My ‘Southern Man’ friend will be thrilled with the excising of most of the Wellington contingent – Weepu (injured, but gone), Tialata (too fat, gone), Nonu (can’t kick – benched), So’oialo (umm… benched), Jane (umm…gone from the bench entirely) – in fact, only centre Conrad Smith has survived the cull. When the All Blacks lose they often resemble none so much as the Hurricanes losing yet another game against the Crusaders, and in ditching most of his Wellingtonians, Henry is perhaps seeking to eliminate this comparison – maybe this spells an end to the harem scarem histrionics that failed so dismally in Durban.

In its place, look for an improved set piece; a lot of territorial kicking and a significant improvement in accuracy at the breakdown. Helping this will be the presence of the world’s finest referee, South African Jonathan Kaplan, who shouldn’t have nearly as much problem finding the advantage line as his Northern Hemisphere colleagues, and with whom Richie McCaw has an excellent rapport. The fate of the Tri-Nations may now be out of our hands – to keep it we would need to win all our remaining matches, and for the Wallabies to beat the Boks in Perth, but like I said at the start of the tournament, I think that retaining the Bledisloe means more to most Kiwis anyhow.

– Jeremy Taylor

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America's Next Top Model Power Rankings 1

Photo0104

The competition proper began in cycle 11, and already one of the Britneys has gone to a less insane place. Re-dubbed Sharaun because having more than one person with the same name made Tyrabot’s brain malfunction, the former Brittney B’s wide-eyed proclaimation “I am America’s Next Top Model” looked extra sad and desperate after her elimation. The comments she got (a fave: “you love to spread your legs!”) were pretty classic, and the way she assuredly declared of Isis “America’s next top model is not gonna be a dude” helped ease her out the door pretty painlessly.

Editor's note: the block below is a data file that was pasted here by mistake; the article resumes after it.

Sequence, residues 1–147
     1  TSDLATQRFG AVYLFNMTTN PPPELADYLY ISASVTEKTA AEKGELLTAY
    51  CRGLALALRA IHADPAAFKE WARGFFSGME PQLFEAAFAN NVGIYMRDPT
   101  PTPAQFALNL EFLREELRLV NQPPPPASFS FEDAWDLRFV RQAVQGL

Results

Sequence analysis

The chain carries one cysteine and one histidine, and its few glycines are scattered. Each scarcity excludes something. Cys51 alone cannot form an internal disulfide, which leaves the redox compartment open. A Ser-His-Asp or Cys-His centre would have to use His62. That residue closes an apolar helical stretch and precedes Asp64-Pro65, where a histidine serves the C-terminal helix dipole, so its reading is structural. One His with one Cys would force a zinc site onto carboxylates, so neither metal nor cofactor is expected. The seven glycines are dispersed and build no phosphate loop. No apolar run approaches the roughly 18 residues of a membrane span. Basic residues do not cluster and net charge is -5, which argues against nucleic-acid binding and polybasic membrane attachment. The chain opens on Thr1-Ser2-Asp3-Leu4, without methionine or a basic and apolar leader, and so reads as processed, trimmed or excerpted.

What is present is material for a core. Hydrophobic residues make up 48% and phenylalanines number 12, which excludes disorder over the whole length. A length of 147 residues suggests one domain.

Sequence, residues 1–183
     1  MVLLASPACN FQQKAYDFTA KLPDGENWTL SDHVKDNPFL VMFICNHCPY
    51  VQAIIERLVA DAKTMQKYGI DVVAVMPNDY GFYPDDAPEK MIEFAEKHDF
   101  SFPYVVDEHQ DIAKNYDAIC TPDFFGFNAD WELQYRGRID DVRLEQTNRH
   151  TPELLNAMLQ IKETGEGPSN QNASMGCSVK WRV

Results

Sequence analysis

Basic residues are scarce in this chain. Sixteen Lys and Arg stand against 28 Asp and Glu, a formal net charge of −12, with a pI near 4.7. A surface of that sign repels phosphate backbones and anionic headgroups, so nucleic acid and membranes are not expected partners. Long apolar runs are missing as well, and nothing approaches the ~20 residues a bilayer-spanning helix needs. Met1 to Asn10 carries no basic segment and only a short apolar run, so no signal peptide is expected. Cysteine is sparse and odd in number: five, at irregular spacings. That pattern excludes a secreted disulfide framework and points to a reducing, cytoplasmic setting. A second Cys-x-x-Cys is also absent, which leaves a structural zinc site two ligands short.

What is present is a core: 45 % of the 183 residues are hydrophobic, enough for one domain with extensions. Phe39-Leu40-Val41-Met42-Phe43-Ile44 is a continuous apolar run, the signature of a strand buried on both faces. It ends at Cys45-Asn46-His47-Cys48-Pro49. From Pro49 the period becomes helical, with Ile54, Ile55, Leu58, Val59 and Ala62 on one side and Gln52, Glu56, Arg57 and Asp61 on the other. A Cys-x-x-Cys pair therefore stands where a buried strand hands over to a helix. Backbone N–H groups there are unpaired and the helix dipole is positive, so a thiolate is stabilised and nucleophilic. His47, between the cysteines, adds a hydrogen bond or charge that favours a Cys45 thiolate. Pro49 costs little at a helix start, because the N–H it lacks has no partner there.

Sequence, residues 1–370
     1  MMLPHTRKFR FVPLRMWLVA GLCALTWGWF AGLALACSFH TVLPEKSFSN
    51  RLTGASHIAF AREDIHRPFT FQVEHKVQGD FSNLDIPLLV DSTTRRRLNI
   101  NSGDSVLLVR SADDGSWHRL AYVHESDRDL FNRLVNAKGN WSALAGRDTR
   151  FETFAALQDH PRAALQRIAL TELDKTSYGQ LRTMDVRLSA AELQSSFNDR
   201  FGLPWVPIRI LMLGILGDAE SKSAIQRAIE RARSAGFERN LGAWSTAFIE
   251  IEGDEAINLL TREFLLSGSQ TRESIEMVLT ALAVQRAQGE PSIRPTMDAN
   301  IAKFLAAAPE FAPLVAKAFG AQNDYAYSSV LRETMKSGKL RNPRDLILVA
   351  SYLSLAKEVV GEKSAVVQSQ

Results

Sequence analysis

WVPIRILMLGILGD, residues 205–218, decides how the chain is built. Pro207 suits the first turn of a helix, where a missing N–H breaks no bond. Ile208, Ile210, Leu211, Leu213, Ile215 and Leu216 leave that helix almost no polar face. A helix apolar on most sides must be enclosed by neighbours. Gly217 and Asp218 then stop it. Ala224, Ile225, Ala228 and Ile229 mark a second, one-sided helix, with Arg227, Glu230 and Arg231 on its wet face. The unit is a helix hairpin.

Elsewhere in the episode we were treated to an overt testament to just how old this cycle is, with all the talk of an upcoming election, and Nigel joined the show via a magician’s box, which was nice.

In the contestants’ new home there was a walk of fame for models of yesteryear, and they soon descended on Isis, to get the skinny on the first man to join the party. What with the political theme, there were plenty of opportunities to reveal cheery ignorance/indifference, so let’s get to the rankings.

1. Isis (Ranked on show: 2)

They ranked her second, but that was clearly an over-compensation to avoid accusations of tokenism. Her prior experience as a model lead to her monstering the photo session, and a maybe too curious Nigel Barker seemed particularly taken by her (admittedly enthralling) backstory. She was given the subject ‘privacy’, and given her special situation, it was a doozy. Still she dominated the shoot, and in so doing created a wall of enemies who were ultra-pissed at coming second to a set of testicles. It’s a scenario they’re going to have to get used to in the coming weeks, because Isis is the total package.